At Fencott I unleashed my banana (stop sniggering at the back) from the top tube, having eaten the one in my back pocket, it was time to move aeronana from frame to pocket. Looks better already…

Aeronana unleashed

Aeronana unleashed

It was a gloomy old December day, but it wasn’t raining, snowing or worse and my three layers were keeping me warm enough, but not too hot – perfect. Just over a third of the way there.

Gloomy December day

Gloomy December day

35 miles in and still smiling

35 miles in and still smiling

Fencott is a regular stopping place for me as there’s a decent gate and solid ground, so you don’t have to tread in mud and get wet feet. A quick snack, a couple of photos and onward again, towards Islip, at which point the route turns and the wind will become more helpful on the way to Weston-on-the-Green.

I don’t remember much about the next 20 miles, but I must have settled into a comfortable rhythm and upped the pace a bit. The wind will have helped slightly. By the time I hit the half-way point (about 500 yards from home, but not tempted) I was on a roll.

Stop 3: 55.4 miles

Stop 3: 55.4 miles

Stopped for a break at 55 miles at a convenient gate just north of Shellswell. By this time, the overall average speed had crept up to 15.5mph. It was time to further streamline the bike by removing the biscuits from under the top tube.

Gloomy all day - biscuits removed from frame. Still got a dodgy-looking cereal bar at the back

Gloomy all day – biscuits removed from frame. Still got a dodgy-looking cereal bar at the back

Still heading North with a bit of wind-assist. Still happy and smiling and over half-way done. I waited with a couple of horseriders to cross the A421. I let them go first, then they singled out to let me pass. All very civilised. Then on towards Fullwell and a nice fast but short downhill. Screaming along on the aerobars and an ENORMOUS tractor going quite fast came the other way. We both slowed and there was enough room for us to pass each other. Not comfortable, but not too bad. We made it work. Then on to Tingewick before heading towards Gawcott and back into the wind. This next 20 mile Southbound section would prove to be quite hard.

The wind had sped up quite a bit by the time I reached my next stop at Middle Claydon 68.3 miles I was tired and the average speed had crept down to 15.3mph.

Stop 4: Middle Claydon

Stop 4: Middle Claydon

I was delighted to find a bench, propped the bike against the fence and took out my towel, which acted as a very nice cushion. By this time I really needed a sit down break.

Still gloomy, but YAY - a bench!

Still gloomy, but YAY – a bench!

I opened up the saddle bag and devoured a large quantity of the fig rolls and just enjoyed being sat down and not pedalling. A coffee would have gone down very well at this point.

Nice house

Nice house

After 10 or 15 minutes it was time to get going again “tick-tock, tick-tock” and brave the wind. This was to be the least enjoyable section of the ride. 14mph headwind and it was a cold wind too. The next 10 miles was hard going and I got pretty annoyed with the wind. Shouting and swearing at the wind doesn’t seem to have any effect on it though. (Who knew the wind was deaf?) By the time I reached Blackthorn I was really not having fun any more. I was getting the job done. “****ing wind!” Then came an unscheduled stop. A puncture at 77.9 miles. I’d just exceeded my maximum distance record and a bloody puncture! Rear wheel of course!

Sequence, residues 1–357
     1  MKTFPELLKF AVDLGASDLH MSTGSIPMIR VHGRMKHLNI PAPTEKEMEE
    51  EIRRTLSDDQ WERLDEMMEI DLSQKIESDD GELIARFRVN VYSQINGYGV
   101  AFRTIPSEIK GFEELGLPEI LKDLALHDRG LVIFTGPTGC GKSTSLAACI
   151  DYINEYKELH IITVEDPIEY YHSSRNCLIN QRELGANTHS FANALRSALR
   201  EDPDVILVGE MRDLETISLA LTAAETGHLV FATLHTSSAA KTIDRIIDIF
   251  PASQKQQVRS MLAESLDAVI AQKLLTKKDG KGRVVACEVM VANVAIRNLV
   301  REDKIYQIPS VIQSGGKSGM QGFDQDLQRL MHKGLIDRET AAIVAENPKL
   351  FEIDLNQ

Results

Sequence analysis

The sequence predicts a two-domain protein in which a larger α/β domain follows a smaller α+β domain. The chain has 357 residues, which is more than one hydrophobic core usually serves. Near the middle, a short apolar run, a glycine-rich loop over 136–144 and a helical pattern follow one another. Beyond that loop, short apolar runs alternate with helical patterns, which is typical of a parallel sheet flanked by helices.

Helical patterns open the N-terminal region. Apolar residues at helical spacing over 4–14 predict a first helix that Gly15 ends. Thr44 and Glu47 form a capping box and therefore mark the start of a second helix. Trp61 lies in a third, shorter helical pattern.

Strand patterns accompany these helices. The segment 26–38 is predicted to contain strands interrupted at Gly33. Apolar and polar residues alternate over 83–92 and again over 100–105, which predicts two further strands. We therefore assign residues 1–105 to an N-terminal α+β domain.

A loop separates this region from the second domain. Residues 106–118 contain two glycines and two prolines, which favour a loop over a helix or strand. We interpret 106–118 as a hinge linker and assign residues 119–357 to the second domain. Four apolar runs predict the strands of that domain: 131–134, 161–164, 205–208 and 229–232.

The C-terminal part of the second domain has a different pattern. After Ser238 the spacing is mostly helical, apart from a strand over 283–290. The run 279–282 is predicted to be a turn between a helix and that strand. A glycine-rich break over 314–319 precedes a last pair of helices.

Stop 5: PUNCTURE!

Stop 5: PUNCTURE!

You’ll notice that the average speed had crept down to a measley 15.1mph from 15.3mph over the last section over just 10 miles! That’ll be that bastard wind won’t it?

I found a house with a nice wall and leaned the bike up against it. Got the wipes and tyre levers out of the saddlebag and set about changing the tube. My hands were cold by the time I’d finished. It took me about 15-20 minutes, which is too long, but the break actually did me a lot of good. The wall shielded me from the wind and having to focus on solving a problem made me forget that I’d been in the process of ‘losing it’.

Lovely wall sheltered me from the wind

Lovely wall sheltered me from the wind

Changing the tube went perfectly, if slowly, and it all went back together well. I took the tyre off completely and had a good look and feel to be sure I wouldn’t instantly get another puncture.

Strangely enough, that gave me a bit of a boost. I like fixing things and I LOVE self-sufficiency. A VERY nice man who used to do triathlon offered me a lift. I took great pleasure in thanking him but no thanks. (I can handle this. Raa Raa RAAAAAA! ***beats chest***).

It was also time to remove the final cereal bar from the bike frame and stick that in a back pocket for later. Just 22 miles to go. Nearly there.